The Intercultural Weaving of Historical Texts

Chinese and European Stories about Emperor Ku and His Concubines

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The European view on history was shaken to its foundations when missionaries in the seventeenth and eighteenth centuries discovered that Chinese history was older than European and Biblical history. With an analysis of the Chinese, Manchu and European sources on ancient Chinese history, this essay proposes an early case of “intercultural historiography,” in which historical texts of different cultures are interwoven.
It focusses on the ways Chinese and European authors interpreted stories about marvellous births by the concubines of Emperor Ku. These stories have been the object of a wide variety of interpretations in Chinese texts, each of them representing a different historical genre. They are excellent case-studies to illustrate how the Chinese hermeneutic strategies shaped the diversity of interpretations given by Europeans.
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Biographical Note

Nicolas Standaert (Ph.D. Leiden University, 1984) is Professor of Sinology at the University of Leuven (Belgium). He has published widely on Sino-European cultural contacts in the seventeenth and eighteenth centuries.

Review Quotes

"a sinological tour de force" (...) Standaert’s book on the intercultural “weaving of historical texts,” East–West, is an example of scholarship at its best. He has again offered a contribution to the fields of classical sinology and sino-missionary studies that shall remain a necessary voice in the scholarly discourse on how China and the West have encountered and changed oneanother in ways that have transformed the fabric of history."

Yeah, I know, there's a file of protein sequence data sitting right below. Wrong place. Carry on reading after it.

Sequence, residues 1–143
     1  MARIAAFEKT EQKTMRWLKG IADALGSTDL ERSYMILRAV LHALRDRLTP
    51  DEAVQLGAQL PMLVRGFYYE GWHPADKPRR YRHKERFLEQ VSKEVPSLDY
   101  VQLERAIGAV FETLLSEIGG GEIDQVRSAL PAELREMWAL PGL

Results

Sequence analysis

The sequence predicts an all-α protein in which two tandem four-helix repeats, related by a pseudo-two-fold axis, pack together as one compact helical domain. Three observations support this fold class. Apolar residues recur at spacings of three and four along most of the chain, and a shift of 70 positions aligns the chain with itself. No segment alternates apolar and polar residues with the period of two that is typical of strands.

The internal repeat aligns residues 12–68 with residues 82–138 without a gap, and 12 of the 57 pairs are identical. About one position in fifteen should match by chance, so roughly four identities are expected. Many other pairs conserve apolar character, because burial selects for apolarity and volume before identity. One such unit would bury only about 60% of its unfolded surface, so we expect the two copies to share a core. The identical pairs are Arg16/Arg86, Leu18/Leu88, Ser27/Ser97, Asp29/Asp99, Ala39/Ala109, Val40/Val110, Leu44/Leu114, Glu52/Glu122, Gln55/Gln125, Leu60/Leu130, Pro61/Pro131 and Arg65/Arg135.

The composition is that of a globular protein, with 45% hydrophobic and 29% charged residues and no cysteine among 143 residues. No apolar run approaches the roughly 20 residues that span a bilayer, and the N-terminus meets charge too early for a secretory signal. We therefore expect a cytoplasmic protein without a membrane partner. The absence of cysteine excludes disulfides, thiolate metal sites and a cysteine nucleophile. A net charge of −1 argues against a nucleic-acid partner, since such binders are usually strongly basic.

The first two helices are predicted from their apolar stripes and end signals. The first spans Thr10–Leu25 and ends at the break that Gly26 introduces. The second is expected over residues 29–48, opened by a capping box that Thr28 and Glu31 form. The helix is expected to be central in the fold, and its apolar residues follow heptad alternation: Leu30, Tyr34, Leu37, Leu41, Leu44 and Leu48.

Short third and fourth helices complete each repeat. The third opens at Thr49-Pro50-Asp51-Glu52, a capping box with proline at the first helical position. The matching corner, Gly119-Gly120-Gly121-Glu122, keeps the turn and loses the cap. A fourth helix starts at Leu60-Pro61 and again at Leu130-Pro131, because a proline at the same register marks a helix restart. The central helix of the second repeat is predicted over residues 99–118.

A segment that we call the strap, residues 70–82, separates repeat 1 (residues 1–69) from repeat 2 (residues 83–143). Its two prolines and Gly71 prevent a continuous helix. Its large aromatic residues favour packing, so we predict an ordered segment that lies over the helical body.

Anthony E. Clark, Whitworth University, Spokane, WA, Journal of Jesuit Studies 4 (2017)

Table of contents

Acknowledgments vii
List of Tables and Figures viii

Introduction 1
Part 1: Between Chinese and European Sources: Europeans Writing
Chinese History in the Seventeenth and Eighteenth Centuries

1 Comprehensive Histories in Late Ming and Early Qing and the Genealogy of the Gangjian 綱鑑 Texts 15
2 Jesuit Accounts of Chinese History and Chronology and Their Chinese Sources 94

Part 2: Between Text and Commentaries: Europeans Reading Chinese History in the Seventeenth and Eighteenth Centuries

3 Chinese Interpretations of Marvellous Births 169
4 Jesuit Interpretations of Marvellous Births 226

Conclusion 303
Postface 315
Bibliography 322
Index 354

Readership

All interested in intercultural historiography, in cultural contacts between China and Europe in the seventeenth and eighteenth centuries, and in the ways European thought was shaped by China.

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